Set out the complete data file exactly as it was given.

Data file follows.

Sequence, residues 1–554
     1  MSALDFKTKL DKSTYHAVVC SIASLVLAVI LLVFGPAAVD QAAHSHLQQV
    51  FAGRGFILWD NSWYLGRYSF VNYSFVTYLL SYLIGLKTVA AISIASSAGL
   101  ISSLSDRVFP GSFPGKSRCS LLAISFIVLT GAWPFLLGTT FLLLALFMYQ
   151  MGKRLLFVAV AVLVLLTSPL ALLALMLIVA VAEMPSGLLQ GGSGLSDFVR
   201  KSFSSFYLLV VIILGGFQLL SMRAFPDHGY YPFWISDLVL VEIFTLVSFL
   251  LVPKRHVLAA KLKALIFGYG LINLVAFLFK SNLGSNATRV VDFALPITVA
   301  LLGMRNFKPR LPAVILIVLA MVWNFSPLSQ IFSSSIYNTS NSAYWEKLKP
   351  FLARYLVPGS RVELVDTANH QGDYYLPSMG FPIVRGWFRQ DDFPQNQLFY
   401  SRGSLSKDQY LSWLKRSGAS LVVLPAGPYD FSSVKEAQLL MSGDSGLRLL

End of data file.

Sequence, residues 1–554
     1  MSALDFKTKL DKSTYHAVVC SIASLVLAVI LLVFGPAAVD QAAHSHLQQV
    51  FAGRGFILWD NSWYLGRYSF VNYSFVTYLL SYLIGLKTVA AISIASSAGL
   101  ISSLSDRVFP GSFPGKSRCS LLAISFIVLT GAWPFLLGTT FLLLALFMYQ
   151  MGKRLLFVAV AVLVLLTSPL ALLALMLIVA VAEMPSGLLQ GGSGLSDFVR
   201  KSFSSFYLLV VIILGGFQLL SMRAFPDHGY YPFWISDLVL VEIFTLVSFL
   251  LVPKRHVLAA KLKALIFGYG LINLVAFLFK SNLGSNATRV VDFALPITVA
   301  LLGMRNFKPR LPAVILIVLA MVWNFSPLSQ IFSSSIYNTS NSAYWEKLKP
   351  FLARYLVPGS RVELVDTANH QGDYYLPSMG FPIVRGWFRQ DDFPQNQLFY
   401  SRGSLSKDQY LSWLKRSGAS LVVLPAGPYD FSSVKEAQLL MSGDSGLRLL